Category Archives: Preschool

Bunches of Bulletin Boards

We are always looking for fun, new bulletin board ideas.  I thought I would share some of the bulletin boards we have had here at preschool over the years, in case you are looking for some new ideas, too!

Birthday Boards

These next two were made by a very talented co-worker of mine who actually quilted these bulletin boards!  So cool!

Welcome to School Boards

This one was our seasons tree. We left it up all school year but changed the decorations with children’s artwork to go with the seasons. I’m missing a picture of the spring one. It had flowers on it.

Fall and Thanksgiving

This picture was taken before I put the title on the board. It read “OWL Always Be Thankful.”

This one was an interactive board. Each of the turkey’s feathers were made out of a different material for the children to touch and explore.


Snow globe- “There’s SNOW Place Like Preschool”

Happy About Angry Birds

It’s been a number of months since I’ve blogged.  My husband and I were busy buying a house -a beautiful 120 year old Victorian style farmhouse that’s everything I’ve ever wanted (might have to start a blog about it)- and the last semester at preschool got crazy busy for its own reasons, so blogging kind of fell by the wayside for me for a while.

The preschool is closed during the summer, and I keep myself busy nannying for my niece and nephews (ages 6, 10, and 13) so you will see some of the fun activities they’ve been doing show up here on this blog as well.

Many of the preschoolers -as well as my nephew- have been obsessed with Angry Birds lately.  It’s a pretty good, simple game, too, as far as video games go.  There is a lot of physics going on with figuring out the projectiles and the speed and everything.  Plus there’s sling shots and destroying/knocking things down- of course kids love it!

So, how much more fun and educational would it be if kids could play Angry Birds in real life?  Wouldn’t it be great if they could have a favorite game and hands-on science all rolled into one?  That was our thought when we started brainstorming at preschool how we could make this happen.  We were so excited when our plans finally came to fruition.

Here’s what we did:

Our wonderful preschool director sewed little Angry Bird bean bags in three different styles and weights- red birds being the lightest, yellow birds being a  medium weight, and black bomb birds being the heaviest.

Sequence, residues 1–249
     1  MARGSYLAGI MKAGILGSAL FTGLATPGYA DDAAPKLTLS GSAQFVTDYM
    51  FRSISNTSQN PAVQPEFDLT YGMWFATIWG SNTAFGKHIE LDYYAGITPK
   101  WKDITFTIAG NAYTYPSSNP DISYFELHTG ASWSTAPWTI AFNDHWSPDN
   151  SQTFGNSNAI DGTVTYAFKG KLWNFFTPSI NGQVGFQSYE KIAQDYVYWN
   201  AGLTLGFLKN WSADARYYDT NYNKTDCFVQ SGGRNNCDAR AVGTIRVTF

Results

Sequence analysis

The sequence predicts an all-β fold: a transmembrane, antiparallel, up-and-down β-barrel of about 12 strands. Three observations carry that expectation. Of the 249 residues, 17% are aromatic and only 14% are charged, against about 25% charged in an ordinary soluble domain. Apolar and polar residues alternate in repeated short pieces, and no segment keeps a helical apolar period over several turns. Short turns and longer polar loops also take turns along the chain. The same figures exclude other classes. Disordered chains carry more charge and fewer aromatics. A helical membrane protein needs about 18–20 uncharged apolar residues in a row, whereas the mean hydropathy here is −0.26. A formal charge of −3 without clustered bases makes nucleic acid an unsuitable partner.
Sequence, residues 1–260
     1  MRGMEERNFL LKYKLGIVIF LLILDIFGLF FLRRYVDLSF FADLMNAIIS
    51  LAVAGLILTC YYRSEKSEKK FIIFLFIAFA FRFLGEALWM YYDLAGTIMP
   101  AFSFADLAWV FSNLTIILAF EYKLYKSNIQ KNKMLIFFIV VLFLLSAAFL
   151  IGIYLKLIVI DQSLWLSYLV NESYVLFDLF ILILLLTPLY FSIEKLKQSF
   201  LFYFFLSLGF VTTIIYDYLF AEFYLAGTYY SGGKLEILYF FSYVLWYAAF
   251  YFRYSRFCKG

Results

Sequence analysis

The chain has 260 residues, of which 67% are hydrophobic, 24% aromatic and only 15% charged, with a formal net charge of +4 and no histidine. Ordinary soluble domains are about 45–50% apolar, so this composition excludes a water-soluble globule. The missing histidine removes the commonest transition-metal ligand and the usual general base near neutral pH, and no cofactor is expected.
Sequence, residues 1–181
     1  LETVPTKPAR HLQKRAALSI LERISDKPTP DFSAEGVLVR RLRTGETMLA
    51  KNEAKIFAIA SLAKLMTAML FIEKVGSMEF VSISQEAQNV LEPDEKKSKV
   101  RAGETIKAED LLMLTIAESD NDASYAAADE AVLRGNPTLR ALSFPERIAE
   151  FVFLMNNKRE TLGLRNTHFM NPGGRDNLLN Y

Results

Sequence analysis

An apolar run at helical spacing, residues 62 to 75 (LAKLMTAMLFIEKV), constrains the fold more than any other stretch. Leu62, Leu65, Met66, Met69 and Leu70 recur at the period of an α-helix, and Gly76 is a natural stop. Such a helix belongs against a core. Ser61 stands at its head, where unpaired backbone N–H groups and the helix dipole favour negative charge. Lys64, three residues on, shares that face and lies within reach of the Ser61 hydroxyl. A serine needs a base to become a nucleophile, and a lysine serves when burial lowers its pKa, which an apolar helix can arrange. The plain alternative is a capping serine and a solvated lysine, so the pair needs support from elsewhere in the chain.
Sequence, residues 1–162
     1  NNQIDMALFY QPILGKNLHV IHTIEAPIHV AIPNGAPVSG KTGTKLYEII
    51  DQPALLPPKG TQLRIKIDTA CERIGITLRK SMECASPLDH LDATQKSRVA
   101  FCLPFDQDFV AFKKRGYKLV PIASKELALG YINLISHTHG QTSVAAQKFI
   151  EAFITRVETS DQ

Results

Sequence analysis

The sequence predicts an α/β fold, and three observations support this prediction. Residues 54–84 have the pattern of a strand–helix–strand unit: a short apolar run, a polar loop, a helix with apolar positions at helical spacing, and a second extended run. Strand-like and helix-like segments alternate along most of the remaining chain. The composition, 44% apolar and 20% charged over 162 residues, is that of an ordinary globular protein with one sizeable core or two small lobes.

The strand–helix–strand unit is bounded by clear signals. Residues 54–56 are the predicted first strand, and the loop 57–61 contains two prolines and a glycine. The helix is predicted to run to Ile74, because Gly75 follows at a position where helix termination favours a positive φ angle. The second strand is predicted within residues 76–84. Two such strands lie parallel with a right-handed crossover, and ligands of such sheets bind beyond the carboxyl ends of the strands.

We used exercise bands for the sling shots.  We found them on sale in the Target dollar section (yes, less than a dollar each).  We tied on a little piece of cardboard to nest the birds in and wrapped the ends of the band around the legs of an upside-down chair. Voila, slingshot!

We used foam blocks to build structures and taped pictures of piggies to small stacks of Legos.

The kids spent a lot of time building structures, placing pigs, and taking turns trying to knock them down by slinging birds at them.  This was so much fun.  One of my classes in particular really enjoyed this.   One boy even asked me if we could shut off a bank of lights so they could play Angry Birds Space!


Last fall, I saw a wonderful backyard Angry Birds game from Simply Styled Home on Pinterest.  I’ve been waiting all year to make it happen.  Now, with our new house, we had the perfect opportunity since we now have our own backyard and plenty of moving boxes to build with!

I bought some balls and drew Angry Birds faces on them with Sharpie markers.  I didn’t make the fancy sling shot like the one at Simply Styled Home, but instead bought a three-person water balloon sling shot (once again) from the Target dollar section.

Yes, those are adults on lawn chairs holding the ends of the slingshot!

We built with boxes, and we tried to use balloons as pigs, but we had trouble getting them to inflate or stay inflated.  But it was still fun knocking down boxes!  Great times!



Ornamentation Station! (Part One)

During Christmastime, our workbench transforms into “Ornamentation Station,” a festive place where little elves can create all kinds of adorable Christmas Tree ornaments!

Usually the ornaments are something very simple that the kids can create independently.

The following are a few examples of ornaments the kids could make at the Ornamentation Station.

Cinnamon Gingerbread Men

The gingerbread men were made by using sandpaper and our Ellison die cut machine, but they could easily be made by cutting the sandpaper into gingerbread man shapes using scissors.  We put cinnamon sticks at the table as well as stick-on buttons or other decorations.  The children simply rub the cinnamon stick on the sandpaper gingerbread men to make it smell wonderful, then decorate it however they would like.

Paper Balls